Following the agreement reached in August between South and North Korea to reopen the jointly operated Kaesong industrial estate on the border between the two uneasy neighbours, the thaw has started. The first cars and trucks crossed the border on September 16 carrying more than 800 South Korean managers, and raw materials for the factories.
The break in production that resulted from North Korea’s last nuclear test and international reaction to it lasted 166 days but now the signs are that things will return to normal. In fact the resumption of production could augur a more productive future. The North Korean authorities have extended a tax exemption to the South Korean owned factories to assist them to recoup the many millions of dollars lost during the shut down. And negotiations between the governments may resulting the complex being more secure from political tension in future, attracting some international investment.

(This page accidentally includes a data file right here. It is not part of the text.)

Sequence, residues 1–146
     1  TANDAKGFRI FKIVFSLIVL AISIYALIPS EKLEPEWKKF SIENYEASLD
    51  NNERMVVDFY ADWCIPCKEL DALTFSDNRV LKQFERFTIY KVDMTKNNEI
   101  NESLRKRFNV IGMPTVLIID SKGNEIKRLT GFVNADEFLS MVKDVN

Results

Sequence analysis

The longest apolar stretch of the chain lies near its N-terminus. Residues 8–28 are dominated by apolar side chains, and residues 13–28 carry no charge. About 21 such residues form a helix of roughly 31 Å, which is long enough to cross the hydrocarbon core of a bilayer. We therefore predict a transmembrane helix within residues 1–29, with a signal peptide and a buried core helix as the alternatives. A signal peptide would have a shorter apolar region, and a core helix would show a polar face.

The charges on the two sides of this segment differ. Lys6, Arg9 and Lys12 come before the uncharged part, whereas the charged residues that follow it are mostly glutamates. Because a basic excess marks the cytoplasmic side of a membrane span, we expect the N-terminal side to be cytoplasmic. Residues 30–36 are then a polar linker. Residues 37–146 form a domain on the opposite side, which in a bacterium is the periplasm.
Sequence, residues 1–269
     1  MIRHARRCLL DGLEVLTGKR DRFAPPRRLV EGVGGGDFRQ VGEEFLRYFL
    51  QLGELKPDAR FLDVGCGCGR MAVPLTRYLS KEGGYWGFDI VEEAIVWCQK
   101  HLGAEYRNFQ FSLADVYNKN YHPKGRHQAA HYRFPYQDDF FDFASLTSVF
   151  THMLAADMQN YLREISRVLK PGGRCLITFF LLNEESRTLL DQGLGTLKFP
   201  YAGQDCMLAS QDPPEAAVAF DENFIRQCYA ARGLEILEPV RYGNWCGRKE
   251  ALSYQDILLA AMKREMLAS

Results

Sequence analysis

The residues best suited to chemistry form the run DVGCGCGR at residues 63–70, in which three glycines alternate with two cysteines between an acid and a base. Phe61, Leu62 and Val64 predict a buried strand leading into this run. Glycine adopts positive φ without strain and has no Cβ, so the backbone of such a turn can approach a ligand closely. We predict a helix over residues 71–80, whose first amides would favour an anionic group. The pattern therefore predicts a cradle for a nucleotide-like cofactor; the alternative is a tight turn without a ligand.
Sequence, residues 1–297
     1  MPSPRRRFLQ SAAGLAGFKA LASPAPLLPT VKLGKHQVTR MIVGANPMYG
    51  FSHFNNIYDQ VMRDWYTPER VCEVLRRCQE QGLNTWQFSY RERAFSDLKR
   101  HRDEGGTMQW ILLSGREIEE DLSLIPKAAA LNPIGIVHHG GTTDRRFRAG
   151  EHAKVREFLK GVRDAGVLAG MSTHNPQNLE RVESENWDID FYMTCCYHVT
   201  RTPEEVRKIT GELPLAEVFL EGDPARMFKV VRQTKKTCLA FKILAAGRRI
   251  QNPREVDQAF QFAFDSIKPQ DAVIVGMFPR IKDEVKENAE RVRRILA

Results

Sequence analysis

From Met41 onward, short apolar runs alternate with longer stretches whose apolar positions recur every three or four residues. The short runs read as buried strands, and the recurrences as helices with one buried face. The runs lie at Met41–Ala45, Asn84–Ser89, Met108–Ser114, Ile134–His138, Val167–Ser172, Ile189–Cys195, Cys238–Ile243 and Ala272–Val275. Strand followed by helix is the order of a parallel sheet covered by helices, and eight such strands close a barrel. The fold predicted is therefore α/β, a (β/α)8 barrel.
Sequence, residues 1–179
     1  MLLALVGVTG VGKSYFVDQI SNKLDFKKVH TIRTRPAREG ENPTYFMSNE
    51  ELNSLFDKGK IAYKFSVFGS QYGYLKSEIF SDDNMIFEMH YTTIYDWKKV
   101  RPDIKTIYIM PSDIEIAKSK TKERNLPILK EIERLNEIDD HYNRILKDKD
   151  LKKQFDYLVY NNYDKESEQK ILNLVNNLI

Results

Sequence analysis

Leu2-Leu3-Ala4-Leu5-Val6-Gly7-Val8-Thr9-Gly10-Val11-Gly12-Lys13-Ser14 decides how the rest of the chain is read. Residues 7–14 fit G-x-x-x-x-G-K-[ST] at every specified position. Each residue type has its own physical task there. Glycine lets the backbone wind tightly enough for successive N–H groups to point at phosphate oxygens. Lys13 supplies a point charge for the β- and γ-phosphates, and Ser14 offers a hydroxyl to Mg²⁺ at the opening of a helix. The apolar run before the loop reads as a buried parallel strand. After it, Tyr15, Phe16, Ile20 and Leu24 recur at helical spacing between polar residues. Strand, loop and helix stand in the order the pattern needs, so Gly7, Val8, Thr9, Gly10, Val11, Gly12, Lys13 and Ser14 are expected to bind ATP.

The first task to face South Korean managers will be inspection of the production lines to assess how long it will take to get them running again. Kaesong started operation in 2004, using South Korean expertise and low-cost North Korean labour. In 2012 it produced $470 million worth of goods, including textiles, shoes and electronic components.